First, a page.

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Former President Donald Trump’s summer endorsement spree skipped over Ohio, where an expanding field of Republican Senate hopefuls is jockeying intensely for the seal-of-approval poised to matter most in the 2022 primary.
Trump’s hands-off approach to Ohio contradicts early endorsements delivered in other competitive Republican congressional primaries — including Senate campaigns in Alabama, Alaska, Georgia, North Carolina, and Pennsylvania, as well as one for the House in Wyoming. The former president’s endorsement in the GOP Senate primary in Ohio could prove particularly decisive, with Republicans ascribing his apparent patience to an array of factors not present in other races.
The primary lacks a clear front-runner, although former state treasurer and failed 2012 Senate candidate Josh Mandel leads in early polling. Neither Mandel nor the rest of the field is especially tight with Trump, although former Ohio Republican Party Chairwoman Jane Timken is considered a close ally. They all have some fatal flaw that Trump might yet latch on to as a reason for refusing to reward them with his endorsement.
“The Senate race in Ohio continues to be an effort by all candidates to prove that they’re the best Trumpian candidate,” said David Myhal, a Republican strategist in the state and vice chairman of the board of the Center for Christian Virtue.
The Center for Christian Virtue, a conservative group based in the state capital of Columbus that advocates for religious liberty, is scheduled to host a forum and debate next month for Republican Senate contenders.
“Everyone is going to be putting their best, Trump foot forward,” Myhal added.
On Monday, the number of Republicans vying to succeed retiring GOP Sen. Rob Portman grew again when state Sen. Matt Dolan jumped into the race. Dolan, whose family owns Major League Baseball’s Cleveland Indians, is considered more pragmatic and traditionally conservative than his competitors. Some Republicans who worried the existing field tilted too populist — in other words, too Trumpy — are pleased by his candidacy.
But it is unclear whether Dolan will raise any red flags with the former president, as he does not have a history of loudly and openly criticizing Trump. Dolan plans to attend the Oct. 24 forum and debate in Columbus, an event that could provide the first glimpse of how the candidates stack up against each other and who might be best positioned to receive the coveted Trump endorsement.
"President Trump remains a big influence in the Republican Party, but it’s the Republican ideals that he puts forth that’s resonating with people, and that’s what I’m focused on," Dolan told the Columbus Dispatch.
But it turns out Dolan had already committed a mortal political sin — or at least has been a party to one: The renaming of the Cleveland Indians to the Cleveland Guardians. The change in mascot, Trump said in a Monday evening statement, was reason enough to oppose Dolan’s candidacy.
“Anybody that changes the name of the once storied Cleveland Indians to the Cleveland Guardians should not be running for the United States Senate representing the Great People of Ohio,” the former president said. “The Atlanta Braves didn’t change their name, and the Florida State Seminoles didn’t change their chant, but Cleveland has, and they were there first. Despite this, a man named Matt Dolan, the son of the owner of the team, said he is against Cancel Culture. Do those two things really work together? In any event, I know of at least one person in the race who I won’t be endorsing. The Republican Party has too many RINOs!”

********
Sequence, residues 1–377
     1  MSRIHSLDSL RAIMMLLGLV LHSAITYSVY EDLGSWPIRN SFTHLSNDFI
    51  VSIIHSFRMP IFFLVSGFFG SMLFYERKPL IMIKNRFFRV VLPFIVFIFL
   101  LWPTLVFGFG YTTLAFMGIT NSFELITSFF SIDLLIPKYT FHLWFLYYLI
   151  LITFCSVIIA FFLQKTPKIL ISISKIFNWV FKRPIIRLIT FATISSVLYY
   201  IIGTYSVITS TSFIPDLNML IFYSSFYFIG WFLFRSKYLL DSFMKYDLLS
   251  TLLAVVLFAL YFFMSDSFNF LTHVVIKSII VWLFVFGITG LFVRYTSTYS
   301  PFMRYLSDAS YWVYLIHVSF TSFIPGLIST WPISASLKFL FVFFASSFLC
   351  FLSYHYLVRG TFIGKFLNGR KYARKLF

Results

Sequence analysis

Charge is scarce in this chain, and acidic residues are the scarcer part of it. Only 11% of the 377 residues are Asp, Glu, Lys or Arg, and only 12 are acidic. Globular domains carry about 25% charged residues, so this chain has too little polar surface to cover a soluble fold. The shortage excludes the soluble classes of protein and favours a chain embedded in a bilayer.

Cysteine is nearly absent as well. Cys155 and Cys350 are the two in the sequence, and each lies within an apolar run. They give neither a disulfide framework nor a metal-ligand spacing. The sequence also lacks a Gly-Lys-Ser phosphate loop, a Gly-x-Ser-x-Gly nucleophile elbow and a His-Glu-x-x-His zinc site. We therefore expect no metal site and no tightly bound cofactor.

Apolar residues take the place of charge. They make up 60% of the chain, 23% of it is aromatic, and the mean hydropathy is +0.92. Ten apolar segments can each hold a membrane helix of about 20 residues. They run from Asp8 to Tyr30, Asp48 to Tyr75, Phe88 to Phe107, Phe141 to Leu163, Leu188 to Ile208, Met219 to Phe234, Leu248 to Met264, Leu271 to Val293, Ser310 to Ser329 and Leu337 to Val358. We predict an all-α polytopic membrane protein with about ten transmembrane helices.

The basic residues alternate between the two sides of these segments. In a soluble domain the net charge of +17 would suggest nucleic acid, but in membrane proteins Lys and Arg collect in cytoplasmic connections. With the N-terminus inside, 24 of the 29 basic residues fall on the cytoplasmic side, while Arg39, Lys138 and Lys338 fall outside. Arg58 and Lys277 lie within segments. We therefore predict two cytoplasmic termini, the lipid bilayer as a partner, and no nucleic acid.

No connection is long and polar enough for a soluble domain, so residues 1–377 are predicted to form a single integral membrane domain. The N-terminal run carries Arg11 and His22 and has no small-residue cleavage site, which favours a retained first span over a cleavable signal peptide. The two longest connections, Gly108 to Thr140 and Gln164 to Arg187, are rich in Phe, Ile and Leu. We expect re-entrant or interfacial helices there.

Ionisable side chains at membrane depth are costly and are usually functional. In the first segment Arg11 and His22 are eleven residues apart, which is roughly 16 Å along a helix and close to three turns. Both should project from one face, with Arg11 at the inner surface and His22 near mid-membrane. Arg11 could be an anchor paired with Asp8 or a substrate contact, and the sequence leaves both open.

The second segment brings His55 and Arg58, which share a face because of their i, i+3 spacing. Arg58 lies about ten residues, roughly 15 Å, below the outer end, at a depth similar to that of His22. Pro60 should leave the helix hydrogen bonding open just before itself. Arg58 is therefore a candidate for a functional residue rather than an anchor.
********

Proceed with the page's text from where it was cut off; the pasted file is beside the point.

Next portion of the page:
Where Trump has endorsed so far, he had overriding objectives or close relationships with the candidates he backed.
In Alaska, Trump endorsed Kelly Tshibaka as part of his mission to defeat Republican Sen. Lisa Murkowski, who voted to convict him on one article of impeachment in January. In Alabama, he endorsed Rep. Mo Brooks, who led the charge to block certification of President Joe Biden’s Electoral College victory in Congress and is personally close with some top Trump allies. In Georgia, Trump backed longtime personal friend Hershel Walker.
In North Carolina, Trump endorsed Rep. Ted Budd after he worried Budd and Republican Mark Walker would split the conservative vote and allow former Gov. Pat McCrory, who has criticized him in the past, to win the primary. In Pennsylvania, Trump backed Sean Parnell, a political ally who is personally close with him and his eldest son, Donald Trump Jr.
Meanwhile, in Ohio, dynamics that might generate an early Trump endorsement are less evident, if not missing altogether.
Mandel is making the most obvious play for the former president’s backing. But Trump might be turned off by his 2012 loss and his late decision to exit the 2018 Senate race. Timken was Trump’s hand-picked Ohio GOP chairwoman but earlier this year defended Republican Rep. Anthony Gonzalez amid criticism from the Right for voting to impeach the former president for his alleged role in the Jan. 6 riot at the Capitol.
Wealthy businessman Bernie Moreno was once an outspoken Trump critic. But he has since become a prominent supporter of the former president and even counts Kellyanne Conway, former counselor to Trump in the White House, among his backers. Venture Capitalist and polemicist J.D. Vance also used to be a Trump critic but has since come around, becoming a top supporter and practitioner of the former president's pugilist style of populist politics.
Then there is investment banker Mike Gibbons. He sought the Republican Senate nomination in 2018 but never gained any traction — which is not exactly appealing to Trump. But Gibbons is an outsider businessman who can afford to self-finance his campaign, qualities that might appeal to the former president.
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Original Author: David M. Drucker